Who took this photo?
Â© Nancy Fewkes
Born Florence Anthony (October 21, 1947 â€“ March 20, 2010), Ai was a National Book Award winning American poet and educator who legally changed her name to Ai Ogawa. Ai, who described herself as Â˝ Japanese, Choctaw-Chickasaw, Black, Irish, Southern Cheyenne, and Comanche, was born in Albany, Texas in 1947, and she grew up in Tucson, Arizona. Raised also in Las Vegas and San Francisco, she majored in Japanese at the University of Arizona and immersed herself in Buddhism. (See Wikipedia)
We smile at each other
and I lean back against the wicker couch.
How does it feel to be dead? I say.
You touch my knees with your blue fingers.
And when you open your mouth,
a ball of yellow light falls to the floor
and burns a hole through it.
Don’t tell me, I say. I don’t want to hear.
Did you ever, you start,
wear a certain kind of dress
and just by accident,
so inconsequential you barely notice it,
your fingers graze that dress
and you hear the sound of a knife cutting paper,
you see it too
and you realize how that image
is simply the extension of another image,
that your own life
is a chain of words
that one day will snap.
Words, you say, young girls in a circle, holding hands,
and beginning to rise heavenward
in their confirmation dresses,
like white helium balloons,
the wreathes of flowers on their heads spinning,
and above all that,
that’s where I’m floating,
and that’s what it’s like
only ten times clearer,
ten times more horrible.
Could anyone alive survive it?
Ai, a Steadfast Poetic Channel of Hard Lives, Dies at 62 ~ Margalit Fox, New York Times; March 27, 2010
National Book Award winning poet Ai has died ~ Carolyn Kellogg, Jacket Copy, L.A. Times; March 24, 2010
It’s a beautiful morning, a Sunday morning the second day of Spring and I am in tears. The poet, Ai Ogawa has passed on March 19. We just lived through a soul killing winter and many people did not make it to Friday’s glorious vernal equinox. Joy Harjo said there was snow in Albuqurque. There was sun sun sun here.
Ai was not a mentor or teacher, she was a friend. One of the wonderful people I got to know in my short time living in Boston. She was a brilliant poet and I remember buying Cruelty in the 1970s and seeing her picture and thinking what a beautiful and incredibly insightful woman. Her personna poems are contemporary classics. She was able to go deep into her subjects-she really could roam the shadow world; she understood the consequences, the brutality of absolute power whether wielded by dictators or some poor woman’s husband. I loved her occasional obsessions like The Wooster Group-esp Willem Dafoe and Ron Vawter who showed off their Johnsons when they performed a hula-yes those guys were sans culottes! She was incredibly bawdy and stylish and occasionally imperious, totally eccentric and witty. I wonder if her cats are okay.
I talked with her earlier this year sharing a bit of my troubles, but mostly we ranked on some poets (lots of laughter), talked about Obama and hoped each other well.
I don’t know what happened, but around this time last year Deborah Digges took her life and I know that other women in their late 50’s and early 60s are really vulnerable. We are the generation that has seen, done many things. Some of us have been rewarded for this, but many of us are just trying to stay vital, disciplined in our work, and gain recognition for for our work, our lives. But we live in a culture that has not learned how to care for women and men aging, evolving if they are not in certain categories. A single woman, even one as celebrated as Ai living in the middle of this country could be poorly treated, but that’s speculation.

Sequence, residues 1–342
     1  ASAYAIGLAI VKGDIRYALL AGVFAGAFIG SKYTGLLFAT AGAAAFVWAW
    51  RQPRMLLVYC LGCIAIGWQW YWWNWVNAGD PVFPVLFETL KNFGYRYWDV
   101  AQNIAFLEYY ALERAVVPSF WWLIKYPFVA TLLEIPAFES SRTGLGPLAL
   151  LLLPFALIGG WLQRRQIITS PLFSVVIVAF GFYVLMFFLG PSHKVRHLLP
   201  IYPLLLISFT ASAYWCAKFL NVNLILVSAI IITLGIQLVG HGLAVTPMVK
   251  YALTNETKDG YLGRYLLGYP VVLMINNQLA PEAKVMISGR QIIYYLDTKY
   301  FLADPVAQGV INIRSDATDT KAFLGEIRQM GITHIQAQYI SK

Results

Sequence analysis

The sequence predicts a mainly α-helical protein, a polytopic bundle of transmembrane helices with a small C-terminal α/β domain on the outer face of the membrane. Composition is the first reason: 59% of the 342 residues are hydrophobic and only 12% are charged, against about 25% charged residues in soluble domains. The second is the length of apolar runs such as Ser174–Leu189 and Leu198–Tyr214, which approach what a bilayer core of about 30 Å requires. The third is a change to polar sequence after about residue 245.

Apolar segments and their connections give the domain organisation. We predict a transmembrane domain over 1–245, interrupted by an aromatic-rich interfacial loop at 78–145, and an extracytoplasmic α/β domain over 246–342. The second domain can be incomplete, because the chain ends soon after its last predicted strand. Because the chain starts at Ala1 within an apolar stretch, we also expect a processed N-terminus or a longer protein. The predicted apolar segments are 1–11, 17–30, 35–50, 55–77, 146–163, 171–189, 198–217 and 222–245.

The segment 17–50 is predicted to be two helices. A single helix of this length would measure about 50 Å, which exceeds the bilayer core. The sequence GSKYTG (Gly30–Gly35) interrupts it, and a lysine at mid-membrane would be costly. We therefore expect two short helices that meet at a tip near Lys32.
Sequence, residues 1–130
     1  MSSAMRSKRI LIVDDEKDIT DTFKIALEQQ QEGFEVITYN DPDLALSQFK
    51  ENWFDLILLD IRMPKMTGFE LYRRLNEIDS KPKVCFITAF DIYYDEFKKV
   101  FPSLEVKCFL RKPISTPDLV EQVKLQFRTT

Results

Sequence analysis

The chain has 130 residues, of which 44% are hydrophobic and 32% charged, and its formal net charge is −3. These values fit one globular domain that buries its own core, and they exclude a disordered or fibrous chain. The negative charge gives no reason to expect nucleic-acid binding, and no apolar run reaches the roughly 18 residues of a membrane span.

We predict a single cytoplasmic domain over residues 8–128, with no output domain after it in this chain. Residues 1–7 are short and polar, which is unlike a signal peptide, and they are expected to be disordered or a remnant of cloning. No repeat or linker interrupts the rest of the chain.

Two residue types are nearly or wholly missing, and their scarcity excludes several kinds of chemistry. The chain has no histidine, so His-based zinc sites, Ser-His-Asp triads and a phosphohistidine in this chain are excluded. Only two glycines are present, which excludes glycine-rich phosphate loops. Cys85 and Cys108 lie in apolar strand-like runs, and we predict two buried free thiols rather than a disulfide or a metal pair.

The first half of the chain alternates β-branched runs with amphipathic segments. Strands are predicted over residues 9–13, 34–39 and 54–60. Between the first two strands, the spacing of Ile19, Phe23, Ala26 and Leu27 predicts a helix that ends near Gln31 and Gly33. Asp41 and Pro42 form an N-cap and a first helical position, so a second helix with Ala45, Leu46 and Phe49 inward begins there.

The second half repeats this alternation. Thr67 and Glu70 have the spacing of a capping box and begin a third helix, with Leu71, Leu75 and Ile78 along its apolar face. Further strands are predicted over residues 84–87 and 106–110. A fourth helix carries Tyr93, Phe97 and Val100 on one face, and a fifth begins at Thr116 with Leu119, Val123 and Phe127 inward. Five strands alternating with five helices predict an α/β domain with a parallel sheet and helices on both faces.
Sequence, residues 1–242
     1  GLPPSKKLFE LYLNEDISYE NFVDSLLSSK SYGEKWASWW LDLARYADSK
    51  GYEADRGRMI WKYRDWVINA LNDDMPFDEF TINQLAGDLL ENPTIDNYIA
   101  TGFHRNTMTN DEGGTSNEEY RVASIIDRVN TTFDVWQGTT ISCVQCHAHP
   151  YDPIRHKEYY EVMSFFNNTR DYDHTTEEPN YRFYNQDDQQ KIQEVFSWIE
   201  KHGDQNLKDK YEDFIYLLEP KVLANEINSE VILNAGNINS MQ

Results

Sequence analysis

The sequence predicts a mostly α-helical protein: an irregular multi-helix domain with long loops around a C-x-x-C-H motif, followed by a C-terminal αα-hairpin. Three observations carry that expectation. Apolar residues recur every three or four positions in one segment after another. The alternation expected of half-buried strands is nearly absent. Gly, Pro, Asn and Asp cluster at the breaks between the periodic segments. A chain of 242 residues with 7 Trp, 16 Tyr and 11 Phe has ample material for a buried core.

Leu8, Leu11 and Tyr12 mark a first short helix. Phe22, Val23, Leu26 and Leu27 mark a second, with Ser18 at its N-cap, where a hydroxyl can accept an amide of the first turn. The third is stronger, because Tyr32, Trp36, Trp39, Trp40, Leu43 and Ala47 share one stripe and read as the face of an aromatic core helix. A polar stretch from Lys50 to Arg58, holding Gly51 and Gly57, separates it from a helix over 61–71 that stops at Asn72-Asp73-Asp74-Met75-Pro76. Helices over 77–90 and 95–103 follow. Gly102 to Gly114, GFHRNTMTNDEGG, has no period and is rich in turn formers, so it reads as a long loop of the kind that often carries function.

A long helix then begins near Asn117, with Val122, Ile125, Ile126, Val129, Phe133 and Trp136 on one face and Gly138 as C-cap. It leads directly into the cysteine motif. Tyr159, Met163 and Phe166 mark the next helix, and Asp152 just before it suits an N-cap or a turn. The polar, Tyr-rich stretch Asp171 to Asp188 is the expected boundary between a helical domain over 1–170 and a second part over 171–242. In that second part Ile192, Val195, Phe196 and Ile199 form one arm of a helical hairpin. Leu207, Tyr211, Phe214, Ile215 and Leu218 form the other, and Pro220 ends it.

Where her soul goes, I know not. But she worked language in amazing ways and I would hope that there’s a really great flea market where she can search for gorgeous fabrics and designer dresses from the 1920s and try them on to her heart’s content.
Lord, what a morning.
— Patricia Spears Jones,
Ai:Â I go back to G Road North, Albion, California, poems in APR, 1976-7. I was so trying to be a poet out of all the established shit. Her photo. Her incredible Asian AmericanÂ African face. Poems I couldn’t entirely figure (and the anger wasÂ harder)Â but poems of “people” I also was trying to write of. Daughter molesters, mixed racists, killing, the famous icons, American history, violence and love, fathers and the military and US colonialism,Â family (did she ever write of her own family? intimate poems of herself?) One about Marilyn Monroe that though read and reread and studied, andÂ of whom I knew, it almost seemed, as much as any serious thinker about Monroe, re America (later Joyce Carol Oak’s Blonde???), I could not figure, entirely, this poem–re the history, the facts.Â Yet it’s energy was so explosive, so making the read worth it, so the truth I knew even ifÂ i still did not understand. (“KerouacÂ and Monroe on Kalaloch”). There’s her poem from back then, Salome, that’s gone around in the announcements of her death and which I remember reading from then, but which, I still don’t fully understand:Â the last line (the mother’s complicity???). Sending this for now. (Last night I decided not to copy it.) but it’s hear: http://www.nytimes.com/2010/03/28/books/28ai.html?partner=rss&emc=rss
Many many years later I learned (from Philip Suntree Doughtry) that Ai was in his UC Irvine phd Writing program I received a full fellowship to, but decline so as NOT write the story of my father. I still can’t imagine what would have happened if I had. But I do know, always, that Ai was my sister (as is Philip my brother).
Kisses, Ai, kisses into the ether (especially to your lungs, your breast on top of it).
— Sharon Doubiago,